Teenage millionaire: The year I won the lottery
Jane Park was just 17 when she won £1m with her first ever lottery ticket. How did the big win affect one of Scotland's youngest lottery millionaires?
In the summer of 2013, Jane had left high school and was working in a temporary admin job for a charity organisation.
She had split up with her boyfriend and was living with her mother in a two-bedroom flat in south-east Edinburgh.
Jane tells the BBC documentary Teenage Millionaire: "I'm from a council estate called Niddrie. It's not exactly Beverley Hills.
"People who are not from there think it's errghh but I think it's alright because all my family are from here and everyone knows each other."
At the end of July last year, Jane saw a lottery sign outside a local shop and decided to buy a lucky dip ticket for the first time.
She says she wasn't even sure she was old enough to do the lottery, thinking you had to be 18.
Jane announced her £1m win on Facebook, complete with astonished-face emoticons.
Her best friend Danielle thought it was "a wind-up".
But it was all real. Jane was one of the UK's youngest-ever lottery winners and her life was about to change.
"Plain Jane from Niddrie was on the news," she says.
The newspapers came calling and a chauffeur-driven limousine took her to her photo-call, "with me wearing a Primark dress", Jane says.
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Seventeen-year-old Jane Park is one of the youngest ever lottery winners. She won £1m with her first ever lucky dip.
Her granny Anne was shocked that they would give such a huge sum to someone so young.
"It's like giving someone a gun," she says.
Granny Anne adds: "People like us just don't have that kind of money."
For Jane, the first few weeks were "overwhelming". As well as the constant questions about what she was going to do with the money, there were some nasty comments on social media which she found hard to shake off.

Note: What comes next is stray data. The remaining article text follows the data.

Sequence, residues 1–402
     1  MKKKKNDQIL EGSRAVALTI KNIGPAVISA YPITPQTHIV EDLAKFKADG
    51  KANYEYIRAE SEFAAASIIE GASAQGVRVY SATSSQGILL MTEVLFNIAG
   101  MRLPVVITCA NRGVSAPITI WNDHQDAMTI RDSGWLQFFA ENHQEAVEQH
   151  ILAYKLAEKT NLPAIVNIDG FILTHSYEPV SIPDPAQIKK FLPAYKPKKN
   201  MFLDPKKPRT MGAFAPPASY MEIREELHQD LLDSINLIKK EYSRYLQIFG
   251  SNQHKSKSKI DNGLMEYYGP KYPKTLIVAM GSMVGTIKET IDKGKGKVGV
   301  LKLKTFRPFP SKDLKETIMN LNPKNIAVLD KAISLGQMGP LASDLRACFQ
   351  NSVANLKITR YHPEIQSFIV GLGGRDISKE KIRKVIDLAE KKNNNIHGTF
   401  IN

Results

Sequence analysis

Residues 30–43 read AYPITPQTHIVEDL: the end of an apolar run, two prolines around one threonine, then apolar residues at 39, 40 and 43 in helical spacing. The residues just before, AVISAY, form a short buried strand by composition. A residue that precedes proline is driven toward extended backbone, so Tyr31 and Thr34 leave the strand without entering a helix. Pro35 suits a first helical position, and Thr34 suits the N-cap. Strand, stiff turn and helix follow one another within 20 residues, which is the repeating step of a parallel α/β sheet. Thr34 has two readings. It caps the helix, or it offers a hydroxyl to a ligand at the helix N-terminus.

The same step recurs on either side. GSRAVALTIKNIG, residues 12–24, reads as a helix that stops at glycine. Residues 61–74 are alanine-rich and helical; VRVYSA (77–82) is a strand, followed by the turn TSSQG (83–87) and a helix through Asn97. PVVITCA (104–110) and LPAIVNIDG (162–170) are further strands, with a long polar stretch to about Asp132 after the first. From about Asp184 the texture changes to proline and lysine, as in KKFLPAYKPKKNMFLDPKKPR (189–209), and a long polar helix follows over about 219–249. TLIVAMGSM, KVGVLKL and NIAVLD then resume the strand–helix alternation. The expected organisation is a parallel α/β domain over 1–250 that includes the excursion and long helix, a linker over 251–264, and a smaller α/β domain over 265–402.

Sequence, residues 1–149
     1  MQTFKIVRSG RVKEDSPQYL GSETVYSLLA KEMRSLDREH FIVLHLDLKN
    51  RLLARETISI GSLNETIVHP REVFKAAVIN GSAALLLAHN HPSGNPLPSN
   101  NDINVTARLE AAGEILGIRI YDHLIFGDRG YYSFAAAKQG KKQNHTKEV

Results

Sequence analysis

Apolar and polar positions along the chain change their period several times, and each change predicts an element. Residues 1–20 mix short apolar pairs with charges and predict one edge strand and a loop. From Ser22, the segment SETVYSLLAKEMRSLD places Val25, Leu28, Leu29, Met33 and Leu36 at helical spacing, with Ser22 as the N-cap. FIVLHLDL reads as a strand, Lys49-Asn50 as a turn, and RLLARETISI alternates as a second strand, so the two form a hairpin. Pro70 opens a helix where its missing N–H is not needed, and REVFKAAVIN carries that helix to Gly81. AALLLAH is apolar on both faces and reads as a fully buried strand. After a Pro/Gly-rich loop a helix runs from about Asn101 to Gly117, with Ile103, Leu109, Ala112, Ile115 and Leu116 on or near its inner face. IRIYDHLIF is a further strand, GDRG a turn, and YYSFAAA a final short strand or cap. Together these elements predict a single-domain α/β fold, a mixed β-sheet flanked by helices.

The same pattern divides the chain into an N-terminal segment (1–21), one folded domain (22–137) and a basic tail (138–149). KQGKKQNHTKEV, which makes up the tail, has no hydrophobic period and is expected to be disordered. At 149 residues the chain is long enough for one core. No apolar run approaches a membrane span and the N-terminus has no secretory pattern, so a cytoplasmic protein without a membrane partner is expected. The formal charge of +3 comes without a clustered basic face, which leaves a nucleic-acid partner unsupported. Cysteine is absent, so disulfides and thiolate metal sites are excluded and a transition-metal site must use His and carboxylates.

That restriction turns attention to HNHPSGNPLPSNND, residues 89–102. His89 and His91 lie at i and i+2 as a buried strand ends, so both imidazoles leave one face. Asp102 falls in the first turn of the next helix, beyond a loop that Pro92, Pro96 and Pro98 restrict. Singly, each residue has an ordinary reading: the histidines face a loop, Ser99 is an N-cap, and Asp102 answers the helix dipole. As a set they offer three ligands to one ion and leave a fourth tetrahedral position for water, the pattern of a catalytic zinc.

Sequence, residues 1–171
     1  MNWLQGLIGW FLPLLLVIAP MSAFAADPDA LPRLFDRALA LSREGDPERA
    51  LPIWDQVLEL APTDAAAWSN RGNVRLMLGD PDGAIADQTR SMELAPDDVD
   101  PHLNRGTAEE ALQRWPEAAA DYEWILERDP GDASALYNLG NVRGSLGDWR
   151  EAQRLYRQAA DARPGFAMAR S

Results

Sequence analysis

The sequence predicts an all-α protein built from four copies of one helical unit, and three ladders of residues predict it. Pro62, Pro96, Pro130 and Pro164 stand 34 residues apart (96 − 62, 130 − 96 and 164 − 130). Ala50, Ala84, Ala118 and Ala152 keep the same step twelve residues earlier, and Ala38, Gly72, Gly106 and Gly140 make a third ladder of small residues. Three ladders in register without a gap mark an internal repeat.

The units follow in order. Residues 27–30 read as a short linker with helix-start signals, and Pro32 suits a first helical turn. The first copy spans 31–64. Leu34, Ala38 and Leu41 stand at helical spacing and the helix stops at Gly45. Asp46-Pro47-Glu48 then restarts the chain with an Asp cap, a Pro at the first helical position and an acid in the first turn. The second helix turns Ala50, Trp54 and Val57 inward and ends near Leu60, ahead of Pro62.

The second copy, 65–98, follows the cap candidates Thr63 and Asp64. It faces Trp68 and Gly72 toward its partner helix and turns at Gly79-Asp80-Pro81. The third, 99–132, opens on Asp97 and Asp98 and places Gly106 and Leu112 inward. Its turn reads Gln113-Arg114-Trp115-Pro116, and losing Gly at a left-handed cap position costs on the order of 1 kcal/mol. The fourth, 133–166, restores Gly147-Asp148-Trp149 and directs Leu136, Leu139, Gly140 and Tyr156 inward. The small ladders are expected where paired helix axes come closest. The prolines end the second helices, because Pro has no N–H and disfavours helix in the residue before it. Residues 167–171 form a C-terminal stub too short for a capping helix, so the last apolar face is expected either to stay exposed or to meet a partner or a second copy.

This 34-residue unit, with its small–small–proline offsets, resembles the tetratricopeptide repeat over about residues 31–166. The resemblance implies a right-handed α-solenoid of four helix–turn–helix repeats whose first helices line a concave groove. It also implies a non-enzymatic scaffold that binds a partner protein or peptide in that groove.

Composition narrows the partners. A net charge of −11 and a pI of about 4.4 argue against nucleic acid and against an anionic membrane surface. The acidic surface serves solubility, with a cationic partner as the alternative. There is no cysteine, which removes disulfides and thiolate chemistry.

Her mother Linda says: "When she won the lottery she was sitting here crying. It was too much stress for her."
Jane says: "The hardest decision was to decide how much to give my family and friends. Not something that would leave me short but not something that they would say, 'Is that it?'
"I didn't want them thinking she's being a bit tight there."
Before deciding what she wanted to do with her new wealth, Jane took a break in Magaluf and went on her own as none of her friends could get the time off work.
It turned into a "bit of a disaster" when she broke her arm diving off a stage and then wrecked her knee in a fall.
After recovering back home in Edinburgh, she prepared for her 18th birthday by splashing out on some designer gear - handbags being a favourite.
Jane says: "The first thing I bought was a Louis Vuitton handbag."
She also bought a Chihuahua dog which she called Princess.
But her most expensive purchase was a three-bedroom house on an new estate in East Lothian.
"I didn't want everyone to think I won the lottery and still lived with my mum and shared with my sister," Jane says.
When she eventually moved into her new home, she lasted three weeks before moving back in with her mum.
"I planned it rubbish because I couldn't make the bed, I couldn't clean, I didn't know how to pay the bills, I could never be bothered lifting the Hoover upstairs," she says.
Jane says she was not prepared for the loneliness and isolation of being away from her family and friends.
She is close to her family even though her mother Linda admits that she struggled with drugs when Jane was growing up and was "not there" for her daughter.
Jane says: "I stayed with my granny most of my life. I went from granny's to aunty's to foster care.
"My mum had her own issues. She still loved and cared for us. She still came and saw us all the time."
Mother and daughter bonded on a holiday to Benidorm at the start of the year but fancy hotels did not interest them.
"I find with the more expensive hotels the food is too posh or the people are a bit snobby," says Jane.
"I've got ordinary tastes. I like going on holiday and being around people like me."
In April she went off to the Majorcan resort of Magaluf again, this time determined to stay for the summer season and be just like all the other 18-year-olds, working hard and partying hard on the island.
Again it was an experience that taught her how much she missed her family and true friends.
After more than a year of coming to terms with her lucky break, Jane is reflective about what money can do for a person.
She says: "Money can't buy you love, can't buy you friends, can't buy you a family.
"But it does bring a certain degree of happiness. I can do things I have never done before, that I have never been able to experience."